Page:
In this case report of autosomal recessive pigmented hypomaturation amelogenesis imperfecta (AI), we identify a novel homozygous missense mutation (g.165151T>G; c.1317T>G; p.Leu436Arg) in SLC24A4, a gene encoding a potassium-dependent sodium-calcium exchanger that is critical for hardening dental enamel during tooth development. PMID:25442250

  17. Hypomaturation amelogenesis imperfecta caused by a novel SLC24A4 mutation.

    PubMed

    Herzog, Curtis R; Reid, Bryan M; Seymen, Figen; Koruyucu, Mine; Tuna, Elif Bahar; Simmer, James P; Hu, Jan C-C

    2015-02-01

    In this case report of autosomal recessive pigmented hypomaturation amelogenesis imperfecta (AI), we identify a novel homozygous missense mutation (g.165151 T>G; c.1317 T>G; p.Leu436 Arg) in SLC24A4, a gene encoding a potassium-dependent sodium-calcium exchanger that is critical for hardening dental enamel during tooth development.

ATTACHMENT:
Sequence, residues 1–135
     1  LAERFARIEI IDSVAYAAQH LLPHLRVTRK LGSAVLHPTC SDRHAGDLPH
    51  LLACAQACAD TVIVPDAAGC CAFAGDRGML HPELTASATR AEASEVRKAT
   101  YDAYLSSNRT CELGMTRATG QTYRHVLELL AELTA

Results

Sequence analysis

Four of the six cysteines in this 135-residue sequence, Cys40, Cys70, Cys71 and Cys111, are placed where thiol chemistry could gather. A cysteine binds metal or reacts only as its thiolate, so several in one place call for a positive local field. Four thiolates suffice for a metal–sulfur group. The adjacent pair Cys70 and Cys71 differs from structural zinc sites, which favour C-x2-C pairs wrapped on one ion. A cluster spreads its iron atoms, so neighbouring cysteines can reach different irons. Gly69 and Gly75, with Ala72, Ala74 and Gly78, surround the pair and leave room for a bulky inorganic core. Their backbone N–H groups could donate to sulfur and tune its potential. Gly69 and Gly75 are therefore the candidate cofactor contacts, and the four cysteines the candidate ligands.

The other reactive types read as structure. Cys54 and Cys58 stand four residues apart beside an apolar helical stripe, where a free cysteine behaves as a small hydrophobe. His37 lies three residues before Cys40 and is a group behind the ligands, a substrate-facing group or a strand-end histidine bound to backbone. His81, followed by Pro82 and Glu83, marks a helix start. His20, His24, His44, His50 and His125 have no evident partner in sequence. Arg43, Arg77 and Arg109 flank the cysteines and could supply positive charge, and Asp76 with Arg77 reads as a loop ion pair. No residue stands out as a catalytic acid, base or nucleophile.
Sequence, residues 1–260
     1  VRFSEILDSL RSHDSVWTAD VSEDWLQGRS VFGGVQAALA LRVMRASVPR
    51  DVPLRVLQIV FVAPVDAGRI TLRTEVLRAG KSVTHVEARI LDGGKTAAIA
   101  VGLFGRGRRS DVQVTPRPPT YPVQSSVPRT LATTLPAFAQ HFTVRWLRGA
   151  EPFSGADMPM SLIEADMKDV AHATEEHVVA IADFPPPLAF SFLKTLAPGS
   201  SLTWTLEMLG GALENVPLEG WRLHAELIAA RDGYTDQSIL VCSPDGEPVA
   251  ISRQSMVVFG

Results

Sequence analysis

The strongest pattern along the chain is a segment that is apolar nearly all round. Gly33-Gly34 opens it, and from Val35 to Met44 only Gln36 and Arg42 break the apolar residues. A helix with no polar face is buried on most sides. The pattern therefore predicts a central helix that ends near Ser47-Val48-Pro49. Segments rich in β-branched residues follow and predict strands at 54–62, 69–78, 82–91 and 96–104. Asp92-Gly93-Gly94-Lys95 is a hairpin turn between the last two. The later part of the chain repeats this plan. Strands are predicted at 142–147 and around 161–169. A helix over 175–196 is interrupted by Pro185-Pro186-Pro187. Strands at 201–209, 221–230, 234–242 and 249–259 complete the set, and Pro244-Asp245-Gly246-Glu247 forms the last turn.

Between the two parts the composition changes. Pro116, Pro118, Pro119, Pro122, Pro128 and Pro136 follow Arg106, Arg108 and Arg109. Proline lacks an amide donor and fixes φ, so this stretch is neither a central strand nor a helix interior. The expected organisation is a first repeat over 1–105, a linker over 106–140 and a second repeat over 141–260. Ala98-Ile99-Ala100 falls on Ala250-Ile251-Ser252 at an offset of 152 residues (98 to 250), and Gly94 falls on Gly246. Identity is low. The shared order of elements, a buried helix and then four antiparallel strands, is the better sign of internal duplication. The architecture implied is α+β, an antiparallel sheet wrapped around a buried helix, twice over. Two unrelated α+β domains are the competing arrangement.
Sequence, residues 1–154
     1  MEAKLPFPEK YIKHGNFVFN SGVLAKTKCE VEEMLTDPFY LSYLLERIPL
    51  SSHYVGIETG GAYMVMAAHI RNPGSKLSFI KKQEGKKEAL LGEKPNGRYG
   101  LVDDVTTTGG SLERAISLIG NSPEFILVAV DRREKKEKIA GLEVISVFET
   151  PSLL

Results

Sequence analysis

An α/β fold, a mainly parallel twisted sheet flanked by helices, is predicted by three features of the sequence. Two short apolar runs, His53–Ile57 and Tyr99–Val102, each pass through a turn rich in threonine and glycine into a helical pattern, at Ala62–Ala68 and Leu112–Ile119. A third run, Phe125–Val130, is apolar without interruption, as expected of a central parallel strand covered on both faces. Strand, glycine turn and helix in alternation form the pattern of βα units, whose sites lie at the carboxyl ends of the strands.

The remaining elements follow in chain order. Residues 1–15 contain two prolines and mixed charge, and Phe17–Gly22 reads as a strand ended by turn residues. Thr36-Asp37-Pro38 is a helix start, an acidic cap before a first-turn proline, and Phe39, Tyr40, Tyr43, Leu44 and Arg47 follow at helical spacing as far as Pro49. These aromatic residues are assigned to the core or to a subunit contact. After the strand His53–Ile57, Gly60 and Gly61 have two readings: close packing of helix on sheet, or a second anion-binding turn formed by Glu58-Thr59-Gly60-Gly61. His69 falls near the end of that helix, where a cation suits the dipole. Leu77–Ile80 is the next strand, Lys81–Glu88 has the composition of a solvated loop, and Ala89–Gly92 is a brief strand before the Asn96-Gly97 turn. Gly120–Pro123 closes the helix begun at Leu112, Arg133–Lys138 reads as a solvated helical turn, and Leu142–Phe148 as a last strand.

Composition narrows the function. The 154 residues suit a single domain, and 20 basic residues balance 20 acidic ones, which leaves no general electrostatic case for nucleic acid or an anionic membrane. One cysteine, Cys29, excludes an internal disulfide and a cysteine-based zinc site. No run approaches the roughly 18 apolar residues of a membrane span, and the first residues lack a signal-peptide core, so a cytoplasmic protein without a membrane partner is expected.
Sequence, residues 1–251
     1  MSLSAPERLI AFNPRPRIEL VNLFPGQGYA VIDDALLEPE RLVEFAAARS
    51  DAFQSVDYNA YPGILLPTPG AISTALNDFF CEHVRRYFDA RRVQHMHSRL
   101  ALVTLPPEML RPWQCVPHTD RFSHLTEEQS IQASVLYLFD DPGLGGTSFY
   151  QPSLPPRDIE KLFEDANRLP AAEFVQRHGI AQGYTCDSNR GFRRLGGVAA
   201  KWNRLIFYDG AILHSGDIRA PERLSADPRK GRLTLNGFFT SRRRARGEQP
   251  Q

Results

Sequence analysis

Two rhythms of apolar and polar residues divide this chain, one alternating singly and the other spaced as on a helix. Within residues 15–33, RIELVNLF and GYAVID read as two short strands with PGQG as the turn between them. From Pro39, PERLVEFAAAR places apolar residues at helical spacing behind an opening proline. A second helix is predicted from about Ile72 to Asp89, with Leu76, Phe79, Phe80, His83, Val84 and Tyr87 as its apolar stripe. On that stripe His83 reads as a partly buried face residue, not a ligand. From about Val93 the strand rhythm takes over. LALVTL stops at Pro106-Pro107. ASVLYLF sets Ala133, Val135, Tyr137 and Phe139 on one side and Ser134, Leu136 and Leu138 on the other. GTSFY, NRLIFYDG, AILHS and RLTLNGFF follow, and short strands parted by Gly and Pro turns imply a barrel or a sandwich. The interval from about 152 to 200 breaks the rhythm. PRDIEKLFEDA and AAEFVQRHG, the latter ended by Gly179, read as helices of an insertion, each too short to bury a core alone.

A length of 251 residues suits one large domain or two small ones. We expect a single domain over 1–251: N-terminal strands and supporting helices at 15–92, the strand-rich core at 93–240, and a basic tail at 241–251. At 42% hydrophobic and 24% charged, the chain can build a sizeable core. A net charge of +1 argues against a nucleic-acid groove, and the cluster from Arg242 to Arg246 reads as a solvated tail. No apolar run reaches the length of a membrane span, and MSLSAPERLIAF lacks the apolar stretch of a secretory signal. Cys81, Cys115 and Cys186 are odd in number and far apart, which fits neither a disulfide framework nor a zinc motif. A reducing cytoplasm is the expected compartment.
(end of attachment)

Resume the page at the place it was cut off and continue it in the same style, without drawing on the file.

18. Amelogenesis Imperfecta: Genotype-Phenotype Studies in 71 Families

    PubMed Central

    Wright, J. Timothy; Torain, Melody; Long, Kimberly; Seow, Kim; Crawford, Peter; Aldred, Michael J.; Hart, P. Suzanne; Hart, Tom C.

    2011-01-01